Diógenes, on the other hand, is one of the few films in the edition that takes a fictional stance head-on, although the signs it constructs go through a seminal dialog with Sarhua, in the mountainous region of Chile. The Andean indigenous man who gives the title its nickname (Jorge Pomacanchari) lives isolated from his own community, in a house in the mountains where he raises his two children, Sabina (Gisela Yupa) and Santiago (Cleber Yupa). For a long part of Leonardo Barbuy's debut feature film, we watch the bored routine of the three of them, preparing food, watching the mountains, playing with the surroundings, and their father's trips to the nearest village to sell the handicrafts that seem to sustain the trio's few needs. Then one day, the father suddenly dies. The girl, who is a little older than her brother, goes down to the village to try to sell his last planks. At this point, the reason for the condition of the three of them is revealed through sparse traces: in the past, armed paramilitaries who prowl the Andean region and hold the local indigenous populations hostage had killed their mother, and their father fled to the mountains with them. The innermost reasons for the incident are somewhat unclear, but it is clear that what is at stake is state violence against the Andean peoples.


           What could be a film of denunciation or one that explores the added value of this situation of oppression - which is not uncommon in militant cinema today - is, however, constructed in a completely different way. Diogenes is almost entirely set in the little house on the mountain, in the isolation that he transforms into a kind of purgatory where people live the routine of Sisyphus, immersed in a cyclical time that is a kind of limbo and waiting for death. The sluggish time, imprinted by the way the camera moves in slow camera movements that seem to come out of a Bela Tarr film, lays bare this series of repetitive actions of everyday life, combined with the most prosaic signs of Andean life, domestic objects, etc. Diógenes' black-and-white and enormous formal care, his mesmerizing and caravaggesque images, contribute to the sense of torment, anguish and imprisonment of the characters, of us and of art itself in the present time. The subtlety of the chiaro-escuro makes the iconography of that kind of life and its objects, filtered through a dreamlike gaze, at the same time as its impassive slowness makes all those camera movements convey to us an enormous sense of immobility. The girl seems to want to get out of there, but her father won't let her. They have been forced to live in purgatory. And that's why it's necessary to take such pains to portray the paralysis and condemnation: so that later, when we find out a little about its causes, the political effect is much greater.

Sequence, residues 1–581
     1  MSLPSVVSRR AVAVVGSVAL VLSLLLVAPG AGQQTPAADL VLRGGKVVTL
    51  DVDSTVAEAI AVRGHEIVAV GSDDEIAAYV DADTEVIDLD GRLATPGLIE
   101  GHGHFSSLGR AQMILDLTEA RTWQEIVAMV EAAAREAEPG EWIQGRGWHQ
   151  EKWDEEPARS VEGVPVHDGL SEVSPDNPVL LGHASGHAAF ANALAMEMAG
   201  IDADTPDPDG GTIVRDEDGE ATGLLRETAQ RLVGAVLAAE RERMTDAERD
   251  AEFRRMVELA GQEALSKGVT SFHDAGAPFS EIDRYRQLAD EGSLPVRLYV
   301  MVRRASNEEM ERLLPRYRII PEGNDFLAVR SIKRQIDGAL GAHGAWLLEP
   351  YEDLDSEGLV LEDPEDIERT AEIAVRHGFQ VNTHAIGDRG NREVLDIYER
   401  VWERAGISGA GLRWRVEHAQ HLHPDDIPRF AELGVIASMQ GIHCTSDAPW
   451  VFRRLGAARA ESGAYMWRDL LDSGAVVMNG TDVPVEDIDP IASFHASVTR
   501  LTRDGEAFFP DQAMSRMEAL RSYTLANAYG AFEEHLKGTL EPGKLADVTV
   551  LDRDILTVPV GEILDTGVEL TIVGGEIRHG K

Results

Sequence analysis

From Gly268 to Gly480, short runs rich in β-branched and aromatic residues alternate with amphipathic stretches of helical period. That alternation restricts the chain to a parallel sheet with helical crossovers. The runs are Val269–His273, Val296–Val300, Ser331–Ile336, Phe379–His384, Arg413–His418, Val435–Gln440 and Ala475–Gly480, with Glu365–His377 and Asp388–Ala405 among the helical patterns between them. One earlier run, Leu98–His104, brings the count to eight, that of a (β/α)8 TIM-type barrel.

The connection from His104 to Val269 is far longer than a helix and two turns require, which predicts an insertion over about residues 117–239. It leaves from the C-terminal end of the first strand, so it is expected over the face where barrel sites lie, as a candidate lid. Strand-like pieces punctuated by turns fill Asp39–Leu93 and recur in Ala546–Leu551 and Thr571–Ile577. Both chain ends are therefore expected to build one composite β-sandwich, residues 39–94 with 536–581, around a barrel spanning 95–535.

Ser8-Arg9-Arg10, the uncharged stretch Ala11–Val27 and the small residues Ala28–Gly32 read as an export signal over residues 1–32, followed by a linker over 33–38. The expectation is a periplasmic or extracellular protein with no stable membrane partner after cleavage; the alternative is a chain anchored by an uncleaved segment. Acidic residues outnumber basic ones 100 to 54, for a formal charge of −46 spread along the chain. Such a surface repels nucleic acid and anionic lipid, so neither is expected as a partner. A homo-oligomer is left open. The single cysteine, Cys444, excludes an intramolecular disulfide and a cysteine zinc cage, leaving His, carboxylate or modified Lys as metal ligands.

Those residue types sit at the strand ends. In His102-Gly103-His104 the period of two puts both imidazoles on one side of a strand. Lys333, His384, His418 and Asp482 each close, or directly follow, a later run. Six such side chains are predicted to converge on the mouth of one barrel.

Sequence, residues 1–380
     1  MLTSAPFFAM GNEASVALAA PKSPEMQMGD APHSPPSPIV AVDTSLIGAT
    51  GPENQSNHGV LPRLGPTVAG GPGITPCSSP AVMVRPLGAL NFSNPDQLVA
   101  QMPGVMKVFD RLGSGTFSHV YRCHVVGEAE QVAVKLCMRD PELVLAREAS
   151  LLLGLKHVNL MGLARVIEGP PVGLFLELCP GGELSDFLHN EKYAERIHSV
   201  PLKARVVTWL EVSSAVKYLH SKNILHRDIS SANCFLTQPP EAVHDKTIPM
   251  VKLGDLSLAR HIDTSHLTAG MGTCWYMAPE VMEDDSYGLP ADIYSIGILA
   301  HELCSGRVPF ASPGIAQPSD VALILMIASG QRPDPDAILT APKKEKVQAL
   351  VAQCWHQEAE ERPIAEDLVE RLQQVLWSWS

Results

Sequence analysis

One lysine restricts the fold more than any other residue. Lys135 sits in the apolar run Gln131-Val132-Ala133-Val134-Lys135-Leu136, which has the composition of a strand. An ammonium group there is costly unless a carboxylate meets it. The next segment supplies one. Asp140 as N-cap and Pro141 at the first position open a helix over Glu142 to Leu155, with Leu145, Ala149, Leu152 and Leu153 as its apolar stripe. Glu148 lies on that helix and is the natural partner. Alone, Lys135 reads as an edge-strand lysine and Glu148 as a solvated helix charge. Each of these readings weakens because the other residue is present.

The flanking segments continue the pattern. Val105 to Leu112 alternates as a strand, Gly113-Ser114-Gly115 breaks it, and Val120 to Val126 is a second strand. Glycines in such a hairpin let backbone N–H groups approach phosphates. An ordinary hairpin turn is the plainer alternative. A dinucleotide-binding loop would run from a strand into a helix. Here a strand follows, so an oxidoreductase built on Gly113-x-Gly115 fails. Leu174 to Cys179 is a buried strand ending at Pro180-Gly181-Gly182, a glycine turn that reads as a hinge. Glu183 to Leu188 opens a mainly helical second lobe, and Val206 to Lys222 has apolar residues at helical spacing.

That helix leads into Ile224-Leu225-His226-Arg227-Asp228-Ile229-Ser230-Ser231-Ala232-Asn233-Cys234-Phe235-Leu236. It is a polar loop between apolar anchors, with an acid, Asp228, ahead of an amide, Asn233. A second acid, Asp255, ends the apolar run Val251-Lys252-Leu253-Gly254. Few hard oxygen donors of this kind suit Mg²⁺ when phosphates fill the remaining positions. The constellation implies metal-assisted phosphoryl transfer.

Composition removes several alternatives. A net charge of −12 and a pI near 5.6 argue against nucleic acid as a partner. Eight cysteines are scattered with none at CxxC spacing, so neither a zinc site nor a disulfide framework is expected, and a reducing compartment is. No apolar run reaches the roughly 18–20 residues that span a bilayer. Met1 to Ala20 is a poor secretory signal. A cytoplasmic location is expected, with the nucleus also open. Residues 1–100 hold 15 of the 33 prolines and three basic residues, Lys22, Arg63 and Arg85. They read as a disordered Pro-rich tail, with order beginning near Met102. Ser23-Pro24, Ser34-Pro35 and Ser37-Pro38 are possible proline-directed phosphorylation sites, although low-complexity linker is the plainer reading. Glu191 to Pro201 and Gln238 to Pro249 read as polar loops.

This kind of approach to indigenous life anywhere in Latin America is exceptional and unusual, when we are more accustomed to the anthropological gaze and the exploration of a fluid time, full of possibilities, not as rough as it is here - something that has even become something of a cliché in independent cinema dealing with these themes. What makes Diógenes a beautiful piece of work is its ability to bet on a very particular aesthetic path of its own, and to produce images of great care, using the symbolic iconography of a way of life that is rarely portrayed, let alone summed up in this way. This radical choice that Barbuy takes to its ultimate consequences, his invocation of a sadness experienced by the Andean people, forced by the state and its military forces to live in limbo against their will, is what wins us over. It makes aesthetic experience the path to a political dimension of the utmost importance.